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Suozzi Wants Younger Generation to Stay in Nassau County

Deterrents Are Affordable Housing,

High Property Taxes, Traffic Congestion

Nassau County Executive Thomas R. Suozzi held a forum with Nassau’s “Next Generation” of current and former residents between the ages of 20-35 to discuss the county’s future. Suozzi listened to the concerns of nearly 200 young professionals who enjoy living in Nassau County but are finding it difficult to stay or move here.  Many grew up in Nassau County and either moved away or still live with their parents.

“Young people are leaving Nassau County in droves, and we want to find out why. We want to know what it would take for these young professionals to stay in Nassau County, because it is a great place to live. We have great schools, great healthcare, low crime, low unemployment, open spaces and parks, north shore waterfronts and south shore ocean beaches, and we are a stone’s throw from New York City,” said County Executive Suozzi. “But we grew so much in the ‘40s, ‘50s and ‘60s and that population has aged out and we need to make the county more attractive to young people.”
Those attending the forum participated in roundtable discussions about what they would like to see in Nassau County, and shared their concerns and ideas with the county executive. The main concern among the participants was finding affordable housing in Nassau County, as many of them said they still live at home with their parents. Suozzi explained that the “Cool Downtowns” initiative would address the problem of affordable housing. A Cool Downtown is located near a train station and other public transportation and has multistoried buildings with people living and working in rental apartments, restaurants, and shops. Examples of downtowns that are already “cool” are located near a train station. Great Neck, Long Beach, Rockville Centre, and Garden City were cited as examples of places that currently have these downtowns.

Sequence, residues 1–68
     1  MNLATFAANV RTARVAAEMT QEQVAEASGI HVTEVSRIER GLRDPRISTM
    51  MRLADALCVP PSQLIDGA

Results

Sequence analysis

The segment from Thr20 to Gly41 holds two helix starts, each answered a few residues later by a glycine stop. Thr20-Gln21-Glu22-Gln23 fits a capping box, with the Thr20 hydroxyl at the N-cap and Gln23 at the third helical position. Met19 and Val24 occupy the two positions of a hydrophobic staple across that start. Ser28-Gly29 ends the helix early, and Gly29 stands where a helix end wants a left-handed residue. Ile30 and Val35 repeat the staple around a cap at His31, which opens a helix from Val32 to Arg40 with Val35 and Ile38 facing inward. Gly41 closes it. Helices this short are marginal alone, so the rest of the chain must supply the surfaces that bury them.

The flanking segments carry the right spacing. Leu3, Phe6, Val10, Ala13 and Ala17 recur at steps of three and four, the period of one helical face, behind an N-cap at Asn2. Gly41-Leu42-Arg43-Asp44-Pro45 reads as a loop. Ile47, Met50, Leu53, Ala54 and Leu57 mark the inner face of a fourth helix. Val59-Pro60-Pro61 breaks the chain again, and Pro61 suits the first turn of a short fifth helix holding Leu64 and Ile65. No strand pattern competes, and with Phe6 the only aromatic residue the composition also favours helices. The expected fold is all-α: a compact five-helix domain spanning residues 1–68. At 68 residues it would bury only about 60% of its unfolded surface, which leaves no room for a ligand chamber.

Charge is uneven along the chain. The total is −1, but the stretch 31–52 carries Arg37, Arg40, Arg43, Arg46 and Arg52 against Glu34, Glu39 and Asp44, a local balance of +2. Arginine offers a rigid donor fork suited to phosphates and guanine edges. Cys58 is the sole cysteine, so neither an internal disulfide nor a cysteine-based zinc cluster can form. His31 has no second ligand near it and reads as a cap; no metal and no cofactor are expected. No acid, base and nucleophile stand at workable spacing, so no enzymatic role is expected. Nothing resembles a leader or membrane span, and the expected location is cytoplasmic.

“A Cool Downtown would be the ideal place for a young professional to live. They could walk to local stores, and eat in local restaurants and wouldn’t have to use a car to get around. They would also be close to the train, with easy access to New York City and other places on Long Island. Right now, if you’re 20 to 30 years old, you’re not moving to Nassau County. You can’t find an apartment to rent, and you’re not going to buy a house in a community like Levittown, because the neighborhoods are full of families. It’s not going to be any fun. Cool Downtowns would change that.”
Suozzi also discussed Nassau County’s Master Plan, which addresses Nassau’s challenges of traffic congestion, high property taxes, and pockets of poverty. It provides guidance on how Nassau can become a national model for smart, environmentally responsible new suburban development as we move forward for the next 25 years.
“For Nassau County to be sustainable into the next generation and beyond, we must attract young college graduates and businesses to locate here. We need to create ‘cool downtowns’ in Nassau where commercial areas are located near transportation centers and where housing, mixed-use structures and local amenities can be sited to support walkable communities.”